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Watch Hundreds Of Sharks In A Feeding Frenzy

author

Stephen Luntz

author

Stephen Luntz

Freelance Writer

Stephen has a science degree with a major in physics, an arts degree with majors in English Literature and History and Philosophy of Science and a Graduate Diploma in Science Communication.

Freelance Writer

2434 Watch Hundreds Of Sharks In A Feeding Frenzy
Donnie Griggs. More than 100 sharks were seen feeding in shallow surf at a North Carolina beach.

More than a hundred sharks have been filmed in a feeding frenzy close to the beach at Cape Lookout National Seashore, North Carolina.

 

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The sharks were feeding on a school of blue fish trapped in the shallow water. Seagulls and pelicans took advantage of the situation as well before humans joined the fray. Members of the One Harbor Church who were on retreat nearby had come to the beach to fish and are seen in the video. They realized that in the confusion, the blue fish might not be too picky, and were able to catch them with unbaited hooks.

Chasing prey so close to land carries risks, as can be seen by the desperate thrashing of the sharks caught in too little water. Massachusetts Fisheries biologist Dr. Gregory Skomal told National Geographic, “I haven't seen sharks feeding right on the shoreline before, with sharks being thrown up into the intertidal zone. I think it's pretty rare.” However, one person commented when the video was posted on Youtube that he saw a similar event nearby in the same week.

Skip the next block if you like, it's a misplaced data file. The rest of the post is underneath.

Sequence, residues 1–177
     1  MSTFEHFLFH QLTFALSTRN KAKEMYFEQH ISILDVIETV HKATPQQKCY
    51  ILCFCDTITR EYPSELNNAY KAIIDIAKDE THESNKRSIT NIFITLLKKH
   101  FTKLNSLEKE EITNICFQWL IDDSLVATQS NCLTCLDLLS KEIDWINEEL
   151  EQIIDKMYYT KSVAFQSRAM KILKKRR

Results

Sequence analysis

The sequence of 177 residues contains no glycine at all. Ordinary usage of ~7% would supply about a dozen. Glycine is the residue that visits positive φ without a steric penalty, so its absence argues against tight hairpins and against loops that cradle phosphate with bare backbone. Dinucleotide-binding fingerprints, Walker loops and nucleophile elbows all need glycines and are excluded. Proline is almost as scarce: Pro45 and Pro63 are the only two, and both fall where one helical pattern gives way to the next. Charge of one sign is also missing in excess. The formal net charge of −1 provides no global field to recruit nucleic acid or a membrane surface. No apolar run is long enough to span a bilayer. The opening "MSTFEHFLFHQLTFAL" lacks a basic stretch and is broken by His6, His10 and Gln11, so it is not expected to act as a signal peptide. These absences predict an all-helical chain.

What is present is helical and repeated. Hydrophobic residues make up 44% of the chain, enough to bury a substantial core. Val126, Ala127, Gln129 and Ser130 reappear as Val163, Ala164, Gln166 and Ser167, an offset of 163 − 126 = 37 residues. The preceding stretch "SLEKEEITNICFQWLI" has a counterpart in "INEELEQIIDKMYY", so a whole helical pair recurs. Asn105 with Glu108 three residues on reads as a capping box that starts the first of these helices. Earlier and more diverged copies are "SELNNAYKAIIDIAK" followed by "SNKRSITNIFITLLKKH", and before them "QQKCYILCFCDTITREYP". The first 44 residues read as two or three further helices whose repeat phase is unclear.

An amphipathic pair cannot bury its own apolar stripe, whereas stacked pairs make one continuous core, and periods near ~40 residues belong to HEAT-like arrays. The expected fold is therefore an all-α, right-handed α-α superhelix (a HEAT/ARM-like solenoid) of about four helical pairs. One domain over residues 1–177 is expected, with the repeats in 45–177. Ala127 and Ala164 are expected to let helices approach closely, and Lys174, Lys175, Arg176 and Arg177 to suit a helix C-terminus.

No one seems certain of the species of shark, but sandbar sharks (Carcharhinus plumbeus) seems to be the top candidate. As the name suggests, these like shallow sandy water in bays and estuaries. Skomal also considers blacktip sharks (Carcharhinus limbatus) a possibility. Neither species normally attack humans, but can mistake feet and hands for fish, particularly in a feeding frenzy such as this one.

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Sea mammals such as dolphins and orcas are known to team up to drive prey close to land so they can feed with ease. However, there is debate whether sharks work collaboratively, or are independently attracted to the presence of the same prey.


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